6. Lion’s mane 

Lion’s mane
A lion’s mane | image by candiru via Flickr
  • Scientific Name: Hericium erinaceus
  • Average size: 10 – 25 cm
  • Color: white
  • Can be found: wood of dead or dying deciduous trees
  • Edible: Yes

Lion’s mane mushroom is an edible mushroom belonging to the tooth fungus family. Its long spines, presence on hardwoods, and tendency to grow a single clump of dangling spines make it easy to recognize this species, which is native to North America, Europe, and Asia. The fruit bodies can be harvested for culinary use, and its flavor may be compared to that of lobster. 

It can be found in the state of Idaho and is widely produced across Asia, typically through extensive production practices on wood logs or stumps, and is also used in traditional Chinese medicine. 

7. Fly Amanitas

Fly amanita mushrooms
Fly amanita mushrooms | image by Bernard Spragg. NZ via Flickr
  • Scientific Name: Amanita muscaria
  • Average size: up to 20 cm in height
  • Color: red with white spots
  • Can be found: woodland and heathland 
  • Edible: No

The Fly Amanita is a species of mushroom that immediately stands out due to its bright red cap and white spots. Typically found in a mycorrhizal relationship with coniferous trees like pines, spruces, and firs, this mushroom is a stunning sight in the coniferous and deciduous forests of Idaho. 

Despite its attractive appearance, this mushroom is poisonous due to the presence of strong psychoactive compounds and shouldn’t be consumed. Its fantastical features have made it a cultural icon associated with fables and legends.

8. White elm

  • Scientific Name: Hypsizygus ulmarius
  • Average size: 6 to 15 cm in diameter
  • Color: white to buff, cream or tan
  • Can be found: wounds of living hardwoods, particularly elm and boxelder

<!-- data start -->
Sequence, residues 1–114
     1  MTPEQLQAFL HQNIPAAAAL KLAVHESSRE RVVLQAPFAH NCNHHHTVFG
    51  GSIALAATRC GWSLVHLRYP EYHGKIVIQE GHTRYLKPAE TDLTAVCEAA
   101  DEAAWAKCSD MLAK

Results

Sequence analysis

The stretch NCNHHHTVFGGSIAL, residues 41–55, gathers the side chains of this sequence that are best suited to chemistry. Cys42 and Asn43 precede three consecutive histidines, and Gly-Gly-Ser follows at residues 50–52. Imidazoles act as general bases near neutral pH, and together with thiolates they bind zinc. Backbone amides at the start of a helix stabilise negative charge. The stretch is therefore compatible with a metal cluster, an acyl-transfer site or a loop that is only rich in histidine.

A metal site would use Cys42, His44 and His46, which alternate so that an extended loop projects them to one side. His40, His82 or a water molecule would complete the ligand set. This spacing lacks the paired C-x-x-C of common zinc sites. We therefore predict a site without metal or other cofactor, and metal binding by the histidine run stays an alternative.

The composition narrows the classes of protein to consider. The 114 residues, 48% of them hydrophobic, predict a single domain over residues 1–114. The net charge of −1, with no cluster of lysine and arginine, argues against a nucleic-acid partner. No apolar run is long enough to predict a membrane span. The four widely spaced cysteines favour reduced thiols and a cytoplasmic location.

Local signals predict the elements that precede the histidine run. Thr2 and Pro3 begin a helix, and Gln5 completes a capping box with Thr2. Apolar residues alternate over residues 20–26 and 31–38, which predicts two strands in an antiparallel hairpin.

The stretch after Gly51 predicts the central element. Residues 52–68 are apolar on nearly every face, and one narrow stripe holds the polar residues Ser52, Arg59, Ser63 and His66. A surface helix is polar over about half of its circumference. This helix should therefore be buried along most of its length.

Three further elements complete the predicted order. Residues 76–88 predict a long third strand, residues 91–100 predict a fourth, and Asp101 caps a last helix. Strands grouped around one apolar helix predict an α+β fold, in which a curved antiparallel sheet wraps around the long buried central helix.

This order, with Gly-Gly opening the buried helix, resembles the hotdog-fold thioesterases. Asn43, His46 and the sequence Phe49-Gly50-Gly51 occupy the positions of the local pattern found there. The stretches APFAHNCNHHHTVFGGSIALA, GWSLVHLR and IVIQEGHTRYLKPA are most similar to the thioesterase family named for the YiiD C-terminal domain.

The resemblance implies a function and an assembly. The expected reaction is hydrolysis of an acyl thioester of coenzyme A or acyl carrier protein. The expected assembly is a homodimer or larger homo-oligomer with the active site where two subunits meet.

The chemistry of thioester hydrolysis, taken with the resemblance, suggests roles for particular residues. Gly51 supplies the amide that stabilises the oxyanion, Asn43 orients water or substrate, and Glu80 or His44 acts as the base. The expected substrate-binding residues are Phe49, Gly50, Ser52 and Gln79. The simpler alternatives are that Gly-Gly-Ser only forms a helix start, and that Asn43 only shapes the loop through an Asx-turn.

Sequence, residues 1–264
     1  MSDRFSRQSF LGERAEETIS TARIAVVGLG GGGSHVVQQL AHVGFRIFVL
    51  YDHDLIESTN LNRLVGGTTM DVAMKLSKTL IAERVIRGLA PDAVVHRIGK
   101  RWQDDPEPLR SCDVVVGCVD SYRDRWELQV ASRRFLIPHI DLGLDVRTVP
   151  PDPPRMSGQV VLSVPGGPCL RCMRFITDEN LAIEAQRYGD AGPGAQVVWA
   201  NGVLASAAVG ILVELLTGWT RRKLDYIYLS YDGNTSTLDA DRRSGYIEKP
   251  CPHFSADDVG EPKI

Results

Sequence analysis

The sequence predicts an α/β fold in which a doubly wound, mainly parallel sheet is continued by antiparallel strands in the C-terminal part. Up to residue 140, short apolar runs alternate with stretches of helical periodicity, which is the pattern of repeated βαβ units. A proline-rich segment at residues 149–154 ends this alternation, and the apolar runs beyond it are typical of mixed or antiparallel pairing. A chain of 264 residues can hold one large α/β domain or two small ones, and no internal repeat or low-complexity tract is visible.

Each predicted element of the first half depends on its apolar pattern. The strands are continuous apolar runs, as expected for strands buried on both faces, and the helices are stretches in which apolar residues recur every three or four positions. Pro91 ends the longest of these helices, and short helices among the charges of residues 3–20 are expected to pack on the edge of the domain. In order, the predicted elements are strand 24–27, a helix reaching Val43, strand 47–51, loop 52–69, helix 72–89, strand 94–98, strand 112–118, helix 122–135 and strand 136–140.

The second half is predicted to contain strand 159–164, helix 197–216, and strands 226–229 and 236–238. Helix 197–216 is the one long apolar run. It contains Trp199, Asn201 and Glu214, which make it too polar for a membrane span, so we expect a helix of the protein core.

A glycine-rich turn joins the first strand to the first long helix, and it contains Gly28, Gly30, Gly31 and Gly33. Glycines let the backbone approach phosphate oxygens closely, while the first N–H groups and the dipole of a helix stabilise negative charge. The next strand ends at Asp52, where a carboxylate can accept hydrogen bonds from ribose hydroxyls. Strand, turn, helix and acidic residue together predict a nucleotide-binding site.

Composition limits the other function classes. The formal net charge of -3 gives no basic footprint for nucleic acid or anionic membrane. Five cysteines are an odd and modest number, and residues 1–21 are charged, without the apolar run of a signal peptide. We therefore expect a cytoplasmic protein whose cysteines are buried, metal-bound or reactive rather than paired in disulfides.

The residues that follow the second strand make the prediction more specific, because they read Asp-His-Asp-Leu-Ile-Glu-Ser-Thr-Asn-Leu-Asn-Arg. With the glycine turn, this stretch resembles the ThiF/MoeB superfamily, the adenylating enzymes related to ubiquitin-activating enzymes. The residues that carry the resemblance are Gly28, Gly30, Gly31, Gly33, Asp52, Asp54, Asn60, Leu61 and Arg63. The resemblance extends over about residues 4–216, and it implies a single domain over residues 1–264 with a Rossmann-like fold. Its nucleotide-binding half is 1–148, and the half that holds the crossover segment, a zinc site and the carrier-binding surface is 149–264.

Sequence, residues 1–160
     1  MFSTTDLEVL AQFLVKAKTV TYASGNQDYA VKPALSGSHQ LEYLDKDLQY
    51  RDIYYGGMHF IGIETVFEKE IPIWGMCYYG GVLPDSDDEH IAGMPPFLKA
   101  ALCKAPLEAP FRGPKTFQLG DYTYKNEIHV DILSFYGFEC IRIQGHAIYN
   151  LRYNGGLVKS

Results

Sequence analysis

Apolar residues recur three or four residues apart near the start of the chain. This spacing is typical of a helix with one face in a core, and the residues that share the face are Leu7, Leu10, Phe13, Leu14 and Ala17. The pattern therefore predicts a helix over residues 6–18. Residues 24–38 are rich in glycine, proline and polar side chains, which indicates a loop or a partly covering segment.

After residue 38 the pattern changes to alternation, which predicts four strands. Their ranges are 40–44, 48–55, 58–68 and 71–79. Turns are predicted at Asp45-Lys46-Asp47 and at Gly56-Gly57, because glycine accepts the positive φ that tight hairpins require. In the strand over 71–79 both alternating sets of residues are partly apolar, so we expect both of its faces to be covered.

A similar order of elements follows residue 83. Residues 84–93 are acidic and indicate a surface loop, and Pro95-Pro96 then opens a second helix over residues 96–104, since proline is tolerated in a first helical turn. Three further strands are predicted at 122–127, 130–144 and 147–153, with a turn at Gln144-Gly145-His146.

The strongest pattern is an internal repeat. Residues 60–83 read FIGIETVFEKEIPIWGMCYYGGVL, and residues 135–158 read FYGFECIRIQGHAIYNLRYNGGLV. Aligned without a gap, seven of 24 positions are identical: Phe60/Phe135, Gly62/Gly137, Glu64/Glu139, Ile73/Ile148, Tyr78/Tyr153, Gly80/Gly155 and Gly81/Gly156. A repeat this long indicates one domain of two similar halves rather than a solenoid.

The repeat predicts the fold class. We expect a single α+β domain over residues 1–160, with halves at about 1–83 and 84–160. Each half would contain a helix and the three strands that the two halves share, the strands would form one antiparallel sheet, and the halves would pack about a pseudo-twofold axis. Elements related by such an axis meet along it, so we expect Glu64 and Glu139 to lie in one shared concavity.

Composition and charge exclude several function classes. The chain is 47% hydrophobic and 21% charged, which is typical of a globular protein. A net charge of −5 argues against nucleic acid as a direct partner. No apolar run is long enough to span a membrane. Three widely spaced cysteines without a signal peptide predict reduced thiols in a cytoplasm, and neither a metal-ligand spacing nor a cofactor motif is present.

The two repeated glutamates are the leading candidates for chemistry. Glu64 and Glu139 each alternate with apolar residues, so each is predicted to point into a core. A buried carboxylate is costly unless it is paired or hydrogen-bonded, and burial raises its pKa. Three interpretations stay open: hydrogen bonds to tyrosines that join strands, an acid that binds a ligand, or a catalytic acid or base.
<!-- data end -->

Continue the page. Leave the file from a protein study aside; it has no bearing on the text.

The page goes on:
• Edible: Yes 

The White Elm mushroom has a delicate texture and ranges in color from white to cream, and it can grow to be anywhere from 6 to 15 centimeters in diameter. Elm trees in Idaho, whether they’re alive or dead, are the typical hosts for this fungus, and it frequently appears in clusters. 

The White Elm mushroom is highly sought after due to its versatility as an ingredient, as it can be used in a wide variety of dishes due to its firm, chewy consistency, and mild, nutty flavor. 

9. Morel 

Yellow morel
Yellow morel | image by GLJIVARSKO DRUSTVO NIS via Flickr | CC BY 2.0
  • Scientific Name: Morchella esculenta
  • Average size: 2 to 7 cm in diameter
  • Color: light cream to gray to yellowish-brown
  • Can be found: moist woodlands and in river bottoms
  • Edible: Yes

Due to its anti-oxidative, anti-inflammatory bioactivities, immunostimulatory, and anti-tumor properties, the morel mushroom is a highly sought-after fungus. These fungi thrive in Idaho’s sandy river banks, which are densely forested with hardwood trees, as well as high-elevation conifer forests. 

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The true morel is edible and safe to eat after proper cooking, but it must be carefully identified to avoid eating the poisonous false morel.

10. Lobster

Lobster mushroom  
Lobster mushroom   | image by Under the same moon… via Flickr | CC BY 2.0
  • Scientific Name: Hypomyces lactifluorum
  • Average size: 15 to 20 cm in diameter
  • Color: bright orange-red
  • Can be found: conifer forests
  • Edible: Yes

The unique and fascinating lobster mushroom can be found in the diverse forests of Idaho. This peculiar mushroom is a parasitic ascomycete fungus that takes over and changes its host’s fruiting bodies, typically the Russula or Lactarius species. 

The resulting mushroom has a bright orange-red color and a firm, dense texture similar to cooked lobster meat. To avoid harmful effects, it’s critical to understand what type of host these mushrooms have before consuming them. 

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About Louise Robles

Louise writes about a wide variety of topics including wildlife, animals, and nature. She's developed a growing interest in animal biology and categorization due to her fascination with how they interact with one another and with their surroundings.